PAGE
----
A dozen miles east of Grants and 50 miles west of Albuquerque, one of the Southwest’s most intriguing sites, Acoma Pueblo, stands atop a 357-foot-high sandstone mesa. Long known as “Sky City,” Acoma is one of the very oldest communities in North America, inhabited since ad 1150. The views out across the plains are unforgettable, especially the Enchanted Mesa on the horizon to the northeast.
Few people live on the mesa today, though the many adobe houses are used by Pueblo craftspeople, who live down below but come up to the mesa-top to sell their pottery to tourists. To visit, stop at the visitors center at the base of the mesa, and join a guided tour (daily; $10; 505/469-1052). Tours begin with a bus ride to the mesa-top and end with a visit to San Esteban del Rey Mission, the largest Spanish colonial church in the state. Built in 1629, the church features a roof constructed of huge timbers that were carried from the top of Mt. Taylor on the backs of neophyte Indians—a distance of more than 30 miles.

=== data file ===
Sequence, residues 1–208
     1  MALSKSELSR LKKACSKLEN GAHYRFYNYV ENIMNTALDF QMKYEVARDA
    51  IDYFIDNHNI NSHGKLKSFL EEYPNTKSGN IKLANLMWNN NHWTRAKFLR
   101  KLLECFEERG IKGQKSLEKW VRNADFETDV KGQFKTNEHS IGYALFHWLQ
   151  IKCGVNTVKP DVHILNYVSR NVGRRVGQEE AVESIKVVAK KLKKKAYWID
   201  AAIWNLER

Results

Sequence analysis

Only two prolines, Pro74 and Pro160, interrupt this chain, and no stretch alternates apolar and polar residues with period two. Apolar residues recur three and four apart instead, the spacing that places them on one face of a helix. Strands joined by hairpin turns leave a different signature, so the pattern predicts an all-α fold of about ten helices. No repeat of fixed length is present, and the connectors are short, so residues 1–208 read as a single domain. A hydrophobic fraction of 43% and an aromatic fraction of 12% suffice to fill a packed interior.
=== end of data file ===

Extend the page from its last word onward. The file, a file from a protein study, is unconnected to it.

Acoma Pueblo is 15 miles south of I-40, from exit 96 (eastbound) or exit 108 (westbound). Between these two exits, another stretch of old Route 66 survives, passing crumbling tourist courts and service stations across the Laguna and Acoma Indian Reservations.